“The researchers found stark contrasts in socioeconomic and environmental conditions in Northern Virginia, often between neighborhoods separated by only a few miles or blocks,” the VCU academics wrote. “As was observed elsewhere in the region, people of color were disproportionately exposed to adverse living conditions.”
To illustrate those points, the study compared McLean — one of the wealthiest and whitest communities in the area — to Columbia Heights. The former ranked among the top-scoring neighborhoods in the region on the HPI, a far cry from Columbia Heights’ own performance.
“The population in the McLean tract was predominately white (70 percent) and Asian (19 percent), the population in Columbia Heights was largely Hispanic (51 percent) and black (19 percent),” the researchers wrote. “More than half was foreign-born, and most immigrated during 2000-2009.”
While the researchers identify a whole host of factors that could be contributing to such a split, they also stress that it is impossible to ignore the impact of “institutional racism” in understanding why such a divide exists between the races when it comes to health opportunities. They note that discriminatory housing and economic policies mean that people of color are “more likely to live in racially and ethnically segregated neighborhoods that suffer from decades of disinvestment,” which can have a whole host of negative consequences for their health.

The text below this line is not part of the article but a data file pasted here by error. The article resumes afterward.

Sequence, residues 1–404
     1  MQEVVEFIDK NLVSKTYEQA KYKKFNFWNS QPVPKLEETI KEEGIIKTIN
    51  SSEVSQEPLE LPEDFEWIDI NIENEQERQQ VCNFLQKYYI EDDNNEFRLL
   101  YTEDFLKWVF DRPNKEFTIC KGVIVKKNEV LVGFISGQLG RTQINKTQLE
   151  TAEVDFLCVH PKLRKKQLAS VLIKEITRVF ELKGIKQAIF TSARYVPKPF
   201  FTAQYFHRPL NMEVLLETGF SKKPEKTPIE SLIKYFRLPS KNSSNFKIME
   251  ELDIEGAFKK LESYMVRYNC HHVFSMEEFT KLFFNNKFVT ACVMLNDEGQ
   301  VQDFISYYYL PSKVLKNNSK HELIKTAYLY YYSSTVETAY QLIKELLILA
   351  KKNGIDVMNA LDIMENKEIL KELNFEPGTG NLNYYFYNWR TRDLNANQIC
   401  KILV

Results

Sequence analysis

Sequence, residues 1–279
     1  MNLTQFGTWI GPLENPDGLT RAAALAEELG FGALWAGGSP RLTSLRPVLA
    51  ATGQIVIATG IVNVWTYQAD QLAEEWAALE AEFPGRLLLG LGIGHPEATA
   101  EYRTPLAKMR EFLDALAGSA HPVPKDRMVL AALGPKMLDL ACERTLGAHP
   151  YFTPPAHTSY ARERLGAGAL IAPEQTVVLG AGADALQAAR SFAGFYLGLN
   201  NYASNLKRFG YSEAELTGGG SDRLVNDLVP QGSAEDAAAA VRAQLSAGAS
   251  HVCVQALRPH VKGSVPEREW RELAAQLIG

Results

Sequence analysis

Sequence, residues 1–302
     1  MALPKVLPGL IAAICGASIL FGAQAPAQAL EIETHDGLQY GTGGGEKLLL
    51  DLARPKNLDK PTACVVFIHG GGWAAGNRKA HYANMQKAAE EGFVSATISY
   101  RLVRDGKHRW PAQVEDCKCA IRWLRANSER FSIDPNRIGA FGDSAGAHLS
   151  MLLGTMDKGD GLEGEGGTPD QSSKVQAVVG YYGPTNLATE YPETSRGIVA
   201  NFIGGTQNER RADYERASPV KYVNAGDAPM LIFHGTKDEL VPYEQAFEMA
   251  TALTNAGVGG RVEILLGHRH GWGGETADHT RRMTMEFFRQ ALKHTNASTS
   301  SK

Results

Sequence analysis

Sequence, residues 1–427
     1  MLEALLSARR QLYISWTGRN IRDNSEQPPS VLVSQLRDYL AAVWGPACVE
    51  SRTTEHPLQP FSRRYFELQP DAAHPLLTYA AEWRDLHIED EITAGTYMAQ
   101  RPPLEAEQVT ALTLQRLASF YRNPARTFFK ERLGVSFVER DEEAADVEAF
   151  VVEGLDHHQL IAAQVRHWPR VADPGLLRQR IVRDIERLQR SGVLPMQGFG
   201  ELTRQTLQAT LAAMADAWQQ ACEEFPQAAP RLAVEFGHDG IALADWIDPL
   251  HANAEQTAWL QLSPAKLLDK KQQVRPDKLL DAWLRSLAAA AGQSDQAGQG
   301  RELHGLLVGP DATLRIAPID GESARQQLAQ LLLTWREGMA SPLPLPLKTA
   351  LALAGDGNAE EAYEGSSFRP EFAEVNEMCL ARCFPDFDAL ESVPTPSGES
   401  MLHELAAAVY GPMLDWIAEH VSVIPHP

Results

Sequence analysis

“As a result, neighborhoods of color often lack access to affordable high-quality housing, stores that sell healthy foods, green space, clean air and clean water,” the researchers wrote. “These communities are often targets for fast food outlets, tobacco and alcohol marketing and liquor stores. These conditions affect not only the health, economic opportunity, and social mobility of people of color, but they also weaken the health and economy of the entire region.”
Accordingly, the study recommends approaches recognizing that history to officials sitting on the Council of Governments, as they try to craft a response across the region.
“Real solutions require targeted investments in marginalized neighborhoods to improve access to affordable, healthy housing as well as affordable transportation, child care, and health care (e.g., primary care, dental care, behavioral health services),” they wrote. “Everyone benefits from this approach, not only the residents in low-income neighborhoods and communities of color, but also the entire regional economy. Economic and racial inequity saps the strength of the economy. Everyone pays a price for inaction: persistent poverty and social isolation fuel discontent, unhealthy behaviors (e.g., drug addiction), crime, and violence.”
Lubber Run Project Budget Boosted — “Arlington County Board members on Sept. 22 agreed to add about $1.4 million to the budget for rebuilding Lubber Run Community Center, which will push the construction cost to $41.14 million and the management fees to $4.11 million.” [InsideNova]
Clarendon Circle Construction Begins — “Things will start looking different in Clarendon and not because of too many cosmos at Don Tito’s. The long-awaited Circle intersection improvements project kicks off today.” [Twitter]